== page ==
We’ve Traded Access for Power. Should We Do It Again?

The free internet is precious, and the ad industry has an important role to play in protecting it

Mark your calendar for Mediaweek, October 29-30 in New York City. We’ll unpack the biggest shifts shaping the future of media—from tv to retail media to tech—and how marketers can prep to stay ahead. Register with early-bird rates before sale ends!

The original promise of the internet was it would help tear down national boundaries, democratize the town square and offer universal access to information. But Elon Musk’s Twitter takeover brings his vision of a “free speech utopia” into sharp relief, begging the question: Is this what the internet wants and needs?

Advertisers fund, and therefore shape, much of the free internet. So as we stand on the precipice of Web3, let’s consider how our media dollars can be consciously and responsibly invested to build an internet that’s good for everyone.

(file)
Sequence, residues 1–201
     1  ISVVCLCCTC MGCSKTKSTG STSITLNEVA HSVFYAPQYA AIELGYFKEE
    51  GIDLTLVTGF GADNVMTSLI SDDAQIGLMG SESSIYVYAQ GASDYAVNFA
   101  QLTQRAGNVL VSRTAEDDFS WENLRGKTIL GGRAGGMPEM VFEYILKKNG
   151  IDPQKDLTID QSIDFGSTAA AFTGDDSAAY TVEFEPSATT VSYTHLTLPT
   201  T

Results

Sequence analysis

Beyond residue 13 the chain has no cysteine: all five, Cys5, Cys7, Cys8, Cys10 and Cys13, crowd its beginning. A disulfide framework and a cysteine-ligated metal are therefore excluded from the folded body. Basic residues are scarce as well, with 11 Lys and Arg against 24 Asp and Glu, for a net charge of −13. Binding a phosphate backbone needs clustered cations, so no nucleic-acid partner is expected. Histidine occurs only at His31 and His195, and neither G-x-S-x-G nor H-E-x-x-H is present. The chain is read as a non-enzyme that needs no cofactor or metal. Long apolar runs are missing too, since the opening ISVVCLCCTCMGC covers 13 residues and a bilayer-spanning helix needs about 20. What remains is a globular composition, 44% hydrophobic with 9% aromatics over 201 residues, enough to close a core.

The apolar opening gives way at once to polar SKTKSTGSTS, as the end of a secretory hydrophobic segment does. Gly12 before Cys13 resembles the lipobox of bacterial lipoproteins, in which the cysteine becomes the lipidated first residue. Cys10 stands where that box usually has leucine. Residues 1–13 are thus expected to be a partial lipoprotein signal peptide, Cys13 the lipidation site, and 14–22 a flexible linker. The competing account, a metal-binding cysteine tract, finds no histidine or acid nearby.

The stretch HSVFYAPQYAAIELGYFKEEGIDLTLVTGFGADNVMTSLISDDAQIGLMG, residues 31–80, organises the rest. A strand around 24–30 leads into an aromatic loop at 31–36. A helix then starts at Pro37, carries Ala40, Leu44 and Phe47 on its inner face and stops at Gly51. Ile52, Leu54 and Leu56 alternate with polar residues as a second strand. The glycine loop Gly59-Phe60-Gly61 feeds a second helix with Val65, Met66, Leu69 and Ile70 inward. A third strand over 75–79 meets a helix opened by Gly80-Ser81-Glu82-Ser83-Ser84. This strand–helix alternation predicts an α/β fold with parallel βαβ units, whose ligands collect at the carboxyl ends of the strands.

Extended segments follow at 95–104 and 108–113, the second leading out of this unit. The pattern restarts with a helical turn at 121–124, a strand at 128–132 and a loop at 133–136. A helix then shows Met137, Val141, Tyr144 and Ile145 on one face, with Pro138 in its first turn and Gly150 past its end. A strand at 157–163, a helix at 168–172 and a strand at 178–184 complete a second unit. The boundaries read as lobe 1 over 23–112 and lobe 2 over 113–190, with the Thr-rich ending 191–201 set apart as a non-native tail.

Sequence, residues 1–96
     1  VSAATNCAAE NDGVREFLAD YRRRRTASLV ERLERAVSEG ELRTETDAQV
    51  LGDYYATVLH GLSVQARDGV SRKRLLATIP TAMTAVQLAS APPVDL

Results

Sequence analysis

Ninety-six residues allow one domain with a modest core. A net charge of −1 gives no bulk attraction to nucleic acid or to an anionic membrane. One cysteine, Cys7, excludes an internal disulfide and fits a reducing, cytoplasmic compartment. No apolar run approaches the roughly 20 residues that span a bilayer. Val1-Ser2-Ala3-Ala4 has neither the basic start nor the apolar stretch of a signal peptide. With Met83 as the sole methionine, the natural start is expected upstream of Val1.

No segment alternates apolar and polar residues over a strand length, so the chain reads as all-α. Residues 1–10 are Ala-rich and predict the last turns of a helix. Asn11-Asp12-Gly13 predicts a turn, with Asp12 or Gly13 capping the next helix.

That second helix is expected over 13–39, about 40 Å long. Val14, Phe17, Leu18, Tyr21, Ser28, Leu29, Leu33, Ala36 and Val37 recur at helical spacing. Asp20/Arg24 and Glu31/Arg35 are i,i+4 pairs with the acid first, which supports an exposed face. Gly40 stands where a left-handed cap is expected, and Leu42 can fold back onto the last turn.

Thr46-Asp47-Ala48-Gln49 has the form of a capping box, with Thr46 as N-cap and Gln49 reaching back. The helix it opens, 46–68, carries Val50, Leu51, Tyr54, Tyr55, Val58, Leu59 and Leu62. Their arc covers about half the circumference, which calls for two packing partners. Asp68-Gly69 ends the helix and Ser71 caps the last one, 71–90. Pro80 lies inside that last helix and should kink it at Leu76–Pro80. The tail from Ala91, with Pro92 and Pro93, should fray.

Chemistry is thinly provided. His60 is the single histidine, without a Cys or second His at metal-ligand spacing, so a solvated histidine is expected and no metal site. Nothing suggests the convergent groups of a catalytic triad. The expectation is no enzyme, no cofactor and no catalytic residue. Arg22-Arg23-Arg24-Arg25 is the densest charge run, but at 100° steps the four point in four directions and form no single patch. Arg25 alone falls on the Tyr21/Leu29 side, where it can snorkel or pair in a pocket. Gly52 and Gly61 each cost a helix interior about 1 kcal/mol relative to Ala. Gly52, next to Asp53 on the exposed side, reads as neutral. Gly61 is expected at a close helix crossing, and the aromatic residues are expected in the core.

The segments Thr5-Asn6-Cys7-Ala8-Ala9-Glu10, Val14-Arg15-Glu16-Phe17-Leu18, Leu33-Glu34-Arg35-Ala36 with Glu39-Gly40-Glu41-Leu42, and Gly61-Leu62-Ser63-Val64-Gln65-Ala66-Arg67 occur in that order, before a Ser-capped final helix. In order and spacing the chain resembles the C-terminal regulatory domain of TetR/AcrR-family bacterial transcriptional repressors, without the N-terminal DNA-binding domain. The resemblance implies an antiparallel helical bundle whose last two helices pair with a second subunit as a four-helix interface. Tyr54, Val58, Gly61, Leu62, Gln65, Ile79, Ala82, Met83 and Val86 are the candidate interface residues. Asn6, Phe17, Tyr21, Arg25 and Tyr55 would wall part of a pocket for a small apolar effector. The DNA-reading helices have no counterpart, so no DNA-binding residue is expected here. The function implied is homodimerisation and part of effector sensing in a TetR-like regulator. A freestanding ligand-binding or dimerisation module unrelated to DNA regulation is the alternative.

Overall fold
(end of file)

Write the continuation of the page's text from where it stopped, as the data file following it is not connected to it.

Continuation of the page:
Democratizing access and information

In the mid-90s, it could cost up to $12,000 to build a simple website. Today, anyone can set up a site for just a few dollars a month through Squarespace—anyone can launch an ecommerce store on Shopify, create a game within Roblox or take a course through Udemy. With just a smartphone and a SIM card, anyone in the world can descend down a Wikipedia wormhole, from the statue of Edward Colston all the way to the Bristol Stool Scale.